values of these stocks. and that if companies like alibaba were u.s.-based and focused on the u.s. market, their market cap would be significantly higher than it is now. so that they think that risk has been priced in. i think that u.s. has long had a lighter regulatory touch on foreign companies listed in the united states than on domestic companies. and i think that's based on the theory that foreign regulators are picking up the gap. however in this case we have companies most of these u.s. listed companies other than the big soes are not skpukt to any foreign regulation. they are incorporated in cayman island and other tax haven jurisdictions. they are not listed in china or any other stock exchange and the u.s. is the sole regulator and it is hamstrung in its ability to regulate. >> thank you. >> i generally agree with my
co-panelists here. specifically paul's remarks. but i will say, there is a continuing appetite by investors of hedge funds, public mention funds, private equity firms, to invest in companies. it is a high risk and reward opposition. i think they appreciate the risks. i think some of that is reflected in the value that these stocks are trading on under our markets. i would not necessarily support here, you know, something akin to what you suggested as a surgeon general's label, because i think really that's the entire point behind the secs disclosure review process, right?
again, this is what they do. they make sure the risks are significantly disclosed and it is a rather rigorous process. i mentioned with respect to chinese listings, and ipos, they must disclose, that they have not been inspected by the pcob. that's the disclosure. it was in alibaba's -- >> i see my time is up. okay, keep going. >> my only other point, i think what you are subjecting, might move us away from this disclosu disclosure system and more to a system that should judgment or merit based, which is where sort of almost the government selecting, you know, which companies that investors should -- >> but i see less selection than if we can't get what we need in
terms of the audit process. it's -- that's why i called it naming. and if they were providing that information, it could deflag, so to speak. but if i get a second round, i have more questions. thank you. >> commissioner bartholomew? >> thank you. and thanks to our witnesses. dr. gillis, i have a colleague in the corporate world who loves your china accounting log. >> thank them for me. >> and thinks it gives some of the best insight into what is going on in china. thank you for the service that you are providing with with that, too. so if companies are deregistered, this is a naive question, with you if companies are deregistered, what happens to the investors? >> generally they are wiped out. you become investors in a private company. they still have right to the shares they have, but the ability to sell those shares, basically, disappears. and in reality, what has happened in companies that have gone dark and sec deregistered,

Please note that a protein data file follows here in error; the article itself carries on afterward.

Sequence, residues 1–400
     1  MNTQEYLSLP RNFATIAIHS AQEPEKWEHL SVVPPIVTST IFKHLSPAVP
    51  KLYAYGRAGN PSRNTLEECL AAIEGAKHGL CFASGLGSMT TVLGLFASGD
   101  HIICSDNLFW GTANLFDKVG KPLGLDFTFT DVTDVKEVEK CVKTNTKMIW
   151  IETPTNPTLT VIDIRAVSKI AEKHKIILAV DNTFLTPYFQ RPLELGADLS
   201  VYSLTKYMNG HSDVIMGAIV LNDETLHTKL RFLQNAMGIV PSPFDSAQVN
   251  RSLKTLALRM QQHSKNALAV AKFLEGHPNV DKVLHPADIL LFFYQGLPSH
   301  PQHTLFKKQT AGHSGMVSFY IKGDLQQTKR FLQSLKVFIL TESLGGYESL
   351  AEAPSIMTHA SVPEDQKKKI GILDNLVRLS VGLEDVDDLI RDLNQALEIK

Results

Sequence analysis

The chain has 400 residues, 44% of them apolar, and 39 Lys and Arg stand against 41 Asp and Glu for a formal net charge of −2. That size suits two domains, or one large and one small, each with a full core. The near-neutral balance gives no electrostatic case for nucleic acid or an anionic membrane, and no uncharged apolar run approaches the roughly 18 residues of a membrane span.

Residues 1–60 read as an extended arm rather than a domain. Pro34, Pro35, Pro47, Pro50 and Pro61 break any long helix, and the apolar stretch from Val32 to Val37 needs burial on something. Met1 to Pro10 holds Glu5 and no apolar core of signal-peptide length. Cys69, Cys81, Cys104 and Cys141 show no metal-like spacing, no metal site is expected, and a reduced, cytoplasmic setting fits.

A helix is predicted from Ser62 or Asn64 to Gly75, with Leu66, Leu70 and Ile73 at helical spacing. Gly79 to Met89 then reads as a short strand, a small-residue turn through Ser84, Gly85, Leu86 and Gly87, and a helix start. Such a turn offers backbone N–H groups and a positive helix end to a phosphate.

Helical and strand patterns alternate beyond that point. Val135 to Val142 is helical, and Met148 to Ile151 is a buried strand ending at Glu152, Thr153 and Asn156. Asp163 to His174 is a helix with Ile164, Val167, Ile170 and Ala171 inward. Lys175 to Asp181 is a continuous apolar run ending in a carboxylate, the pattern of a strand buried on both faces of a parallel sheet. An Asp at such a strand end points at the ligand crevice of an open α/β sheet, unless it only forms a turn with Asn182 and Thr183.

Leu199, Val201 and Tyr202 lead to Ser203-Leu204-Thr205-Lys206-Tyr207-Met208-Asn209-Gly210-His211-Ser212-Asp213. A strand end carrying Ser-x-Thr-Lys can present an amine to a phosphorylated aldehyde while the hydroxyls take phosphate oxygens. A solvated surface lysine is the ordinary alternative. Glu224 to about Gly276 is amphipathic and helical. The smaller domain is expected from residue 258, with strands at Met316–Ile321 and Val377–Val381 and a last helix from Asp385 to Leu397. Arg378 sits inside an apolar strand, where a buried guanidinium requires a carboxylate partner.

is that the chinese shareholders take the assets out of the company and no one ever hears from them again. they are completely wiped out. >> so we have been told oest course of the increased u.s. china relationship that u.s. engagement with china on a lot of issues, but i will focus on this one, will improve chinese practicees. but what it sound like of course with the two-tier system is that we are heading towards a potential race to the bottom. do you have any estimates on how much u.s. pension fund money is invested in chinese companies that are listed on the exchanges and extending it to some of these -- >> i don't have numbers like that. i do, i talk with a lot of these pension funds and i would guest most of them have investment in china, fastest growing economy in the world, and they need to be part of that. >> mr. halesworth or mr. das? >> i don't have an estimate.
i would say, and i think you are barely get together point here is that we are not talking at an abstract level with big institutions. mom and pop investors are getting impacted by this. >> which i was also thinking about when you talk about a stock analysts who are of course supposed to be sophisticated in what they are doing versus people who are doing investing. or in the case of people who have pensions and these pension funds don't even know where that investment is going. another question is, some of the practices of the big four contributed to the groeb al financial crisis because they add conflict of interest in the business practices. is that a concern as the big four are engaging in activity and china setting up subsidiaries this china that their design for business in china is going to color the work that they're doing in terms of accounting? >> i don't see the same kind of issues present here.
the issue of the fact that companies pay auditors, select and pay auditors, is conflict of interest that has always been present. and it is exasperated there. you are reporting to management so you are reluctant to call out management in that kind of situation. normal human behavior. i do think that most of the big four firms are trying to do a good job in china but occasionally they make mistakes. >> anybody else? >> no, i would embrace what paul said. that conflict is also present in the credit rating agency area as well. perhaps even more so. but i think generally, i think the big four firms are trying to do their best and really in a very difficult circumstance. and to adapt at chinese business practice laws and i do think that the trend that i've seen and in particular when i was at the pcob is that big four is